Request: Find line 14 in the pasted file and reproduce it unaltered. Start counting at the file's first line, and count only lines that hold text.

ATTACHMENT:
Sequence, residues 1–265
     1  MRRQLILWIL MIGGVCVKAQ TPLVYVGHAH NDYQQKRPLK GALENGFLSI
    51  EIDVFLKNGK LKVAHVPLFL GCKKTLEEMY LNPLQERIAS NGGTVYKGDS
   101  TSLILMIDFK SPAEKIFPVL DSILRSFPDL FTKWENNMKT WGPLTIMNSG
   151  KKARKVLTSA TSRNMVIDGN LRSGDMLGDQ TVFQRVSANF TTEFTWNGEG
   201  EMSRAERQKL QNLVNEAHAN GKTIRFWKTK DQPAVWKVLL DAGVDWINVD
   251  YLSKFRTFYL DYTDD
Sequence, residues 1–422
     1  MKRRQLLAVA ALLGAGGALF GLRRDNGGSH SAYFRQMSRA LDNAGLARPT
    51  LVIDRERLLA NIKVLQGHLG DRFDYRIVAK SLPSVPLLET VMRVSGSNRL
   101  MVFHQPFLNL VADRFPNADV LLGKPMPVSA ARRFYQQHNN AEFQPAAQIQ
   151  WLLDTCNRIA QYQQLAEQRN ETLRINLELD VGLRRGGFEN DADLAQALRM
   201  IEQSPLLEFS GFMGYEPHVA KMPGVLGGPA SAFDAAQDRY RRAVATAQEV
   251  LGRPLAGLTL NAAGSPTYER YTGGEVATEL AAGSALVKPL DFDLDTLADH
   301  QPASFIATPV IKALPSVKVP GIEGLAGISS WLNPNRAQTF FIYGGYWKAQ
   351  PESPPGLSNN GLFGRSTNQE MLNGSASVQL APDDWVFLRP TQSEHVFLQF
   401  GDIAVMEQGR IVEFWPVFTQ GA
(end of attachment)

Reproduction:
   251  LGRPLAGLTL NAAGSPTYER YTGGEVATEL AAGSALVKPL DFDLDTLADH